The main character, Jake, resembles his writer: he is a journalist who was badly wounded in war, who likes to travel and drinks heavily; he is also the story’s narrator, introducing the other characters and their hedonistic journey through France, its selected cafés, and Spain’s mesmerizing landscapes in their search for meaning and for missing pieces of their identity. The plot revolves around the love triangle between the main characters Brett, Jake, Mike and Cohn, and the rising tension between them, but it also illustrates the expatriate life in Paris, the natural life as a shelter and a place of retreat, all of them in the light of the events lived by characters that reveal their restlessness, their identity markers and their inner exile. The events from Pamplona become tangled and the climax is revealed when Cohn beats up Mike and Jake due to his love and jealousy for Brett who had an affair and will not respond to his affection. Although a substantial part of the novel is constructed around surroundings description, the dialogues and the subtleties offers us an insight into what really troubles the characters and how exactly are they lost in their exile. Perhaps the most visible novel’s theme is the one of “lost generation” highlighted in the character’s “sense of loss — of purpose, of meaning, of permanence and connection” (Bloom, p. 20) from their marathon in cafes and bars from boulevard du Montparnasse, and endless company of others suffering from the same “disease”.

The novel’s second epigraph from the Ecclesiastes’ mirrors a double-sided interpretation: an optimistic one and a pessimistic one. The first instance proposes a state of solace due to imagery of the “earth’s recurring cycles and the perfect harmony of natural rhythms” (Bloom, p. 14), while the second one suggests human’s limitation in front of the cruelty of time and in front of the most frightening chatastrophes such as the IWW: “One generation passeth away, and another generation cometh; but the earth abideth forever”. In the light of this we can conclude that all the expatriates from the novel are in an exile imposed by the circumstances of war, but also in a self-imposed exile where they wanted to experiment the lively Paris, cheap, always animated, with exuberance and full of expat circles.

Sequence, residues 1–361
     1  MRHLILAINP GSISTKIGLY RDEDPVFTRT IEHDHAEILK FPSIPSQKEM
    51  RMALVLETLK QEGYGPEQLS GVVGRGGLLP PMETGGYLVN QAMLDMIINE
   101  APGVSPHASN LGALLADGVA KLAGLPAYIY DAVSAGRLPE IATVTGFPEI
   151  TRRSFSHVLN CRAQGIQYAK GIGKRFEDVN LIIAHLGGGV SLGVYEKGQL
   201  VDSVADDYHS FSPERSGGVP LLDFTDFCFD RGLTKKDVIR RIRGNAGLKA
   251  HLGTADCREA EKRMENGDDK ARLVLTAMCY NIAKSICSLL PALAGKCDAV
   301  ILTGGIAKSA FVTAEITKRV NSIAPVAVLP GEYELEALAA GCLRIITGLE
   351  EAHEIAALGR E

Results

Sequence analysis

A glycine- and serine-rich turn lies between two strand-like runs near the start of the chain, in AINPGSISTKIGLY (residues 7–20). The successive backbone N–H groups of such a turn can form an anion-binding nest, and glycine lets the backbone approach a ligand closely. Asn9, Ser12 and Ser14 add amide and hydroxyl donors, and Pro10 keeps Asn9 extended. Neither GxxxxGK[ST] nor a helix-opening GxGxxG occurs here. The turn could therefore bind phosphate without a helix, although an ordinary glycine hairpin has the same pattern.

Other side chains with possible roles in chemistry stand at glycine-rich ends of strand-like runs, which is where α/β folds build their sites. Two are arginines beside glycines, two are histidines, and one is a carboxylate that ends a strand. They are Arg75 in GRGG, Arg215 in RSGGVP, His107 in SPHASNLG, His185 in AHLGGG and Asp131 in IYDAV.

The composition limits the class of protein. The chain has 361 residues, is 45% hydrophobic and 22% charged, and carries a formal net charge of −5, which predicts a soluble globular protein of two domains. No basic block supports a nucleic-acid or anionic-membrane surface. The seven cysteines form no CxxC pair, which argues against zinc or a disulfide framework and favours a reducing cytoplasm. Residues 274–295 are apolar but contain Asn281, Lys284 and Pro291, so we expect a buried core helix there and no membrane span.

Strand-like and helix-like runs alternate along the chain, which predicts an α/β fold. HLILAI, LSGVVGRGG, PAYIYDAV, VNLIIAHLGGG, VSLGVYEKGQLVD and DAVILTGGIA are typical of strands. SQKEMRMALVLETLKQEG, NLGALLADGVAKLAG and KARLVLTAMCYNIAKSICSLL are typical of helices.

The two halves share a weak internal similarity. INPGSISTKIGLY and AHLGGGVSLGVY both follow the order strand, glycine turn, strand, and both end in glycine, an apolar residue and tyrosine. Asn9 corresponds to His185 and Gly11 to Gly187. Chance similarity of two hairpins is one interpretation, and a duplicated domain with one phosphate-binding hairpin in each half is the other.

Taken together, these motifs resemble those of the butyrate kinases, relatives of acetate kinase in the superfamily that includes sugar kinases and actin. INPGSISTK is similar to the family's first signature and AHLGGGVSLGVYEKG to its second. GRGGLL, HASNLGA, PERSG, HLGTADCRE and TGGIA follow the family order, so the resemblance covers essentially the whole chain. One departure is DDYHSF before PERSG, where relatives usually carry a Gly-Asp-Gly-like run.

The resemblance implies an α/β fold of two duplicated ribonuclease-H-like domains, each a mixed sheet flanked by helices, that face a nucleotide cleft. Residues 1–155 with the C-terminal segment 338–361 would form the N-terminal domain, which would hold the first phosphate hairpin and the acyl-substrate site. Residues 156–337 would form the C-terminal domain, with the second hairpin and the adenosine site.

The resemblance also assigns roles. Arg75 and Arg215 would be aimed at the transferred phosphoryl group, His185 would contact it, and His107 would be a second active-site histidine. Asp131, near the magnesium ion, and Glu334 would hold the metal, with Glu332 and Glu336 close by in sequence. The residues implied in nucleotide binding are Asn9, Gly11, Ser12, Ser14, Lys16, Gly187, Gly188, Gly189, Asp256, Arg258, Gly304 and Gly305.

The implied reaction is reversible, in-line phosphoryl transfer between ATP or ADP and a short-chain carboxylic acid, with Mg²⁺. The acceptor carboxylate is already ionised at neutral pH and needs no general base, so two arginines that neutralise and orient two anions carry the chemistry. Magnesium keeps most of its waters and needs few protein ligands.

Consequently, it appears that the “lost generation” lost its moral quality when they deserted their “moral bearings” (Monk, p. 4) and here they “estranged themselves from traditional principles” (Dolan, p. 16). As a response to the bitter disillusionment of war’s scars they fill their voids with an attitude of “Hedonism and cynicism” (Bloom, p. 20), reflected mostly in their unremitting drinking sessions. Moreover, in this case alcohol serves as a mechanism of defense or as a “survival kit”, helping blurring disturbing and unbearable thoughts or postponing the meeting with the lost real self in an unsettled and uncertain world: “It was like certain dinners I remember from the war. There was much wine, an ignored tension, and a feeling of things coming that you could not prevent happening. Under the wine I lost the disgusted feeling and was happy.” (Hemingway, p. 66).

Jake Barnes, the main character is a a newspaper man and an aspiring writer and, his expatriate status is best illustrated in a description offered by Bill, his friend: “You’re an expatriate. You’ve lost touch with the soil […] Fake European standards have ruined you. You drink yourself to death. You become obsessed by sex. You spend all your time talking, not working. You are an expatriate, see? You hang around cafés” (Hemingway, p. 53). This pharagraph highlights the traditional character of Paris’s expats and it draws out the internal dynamics and habbits within the exile groups: diminishing values, drinking, flirting, always moving from one place to another with no actual direction. In addition, the places frecventated by expats in Paris and their circle of expats represent an interdependent microcosmos, constituting an “other” society. In the same way, piqturesque Spain and especially the area of Irati River represent an “other space”, namely a heterotopia; the concept was elaborated by Michael Foucault and it describes a liminal space, different from the other places, a space of alternate social ordering, a “space of deferral, where ideas and practices that represent the good life can come into being, from nowhere, even if they never actually achieve what they set out to achieve — social order, or control and freedom” (Hetherington, p. ix). This space is capable of binging a break whitin the traditional time, offering an escape from the ordering spaces of domination (Michael Foucault, Info.). In other words, this space has the quality of having “an alternative and often oppositional relation to society’s central pillars” (Linde, p. 139). As Bloom suggests, in the intermission between Paris and Pamplona Hemingway constructs an “oasis that exists outside linear time and the tensions of civilization” (p. 31).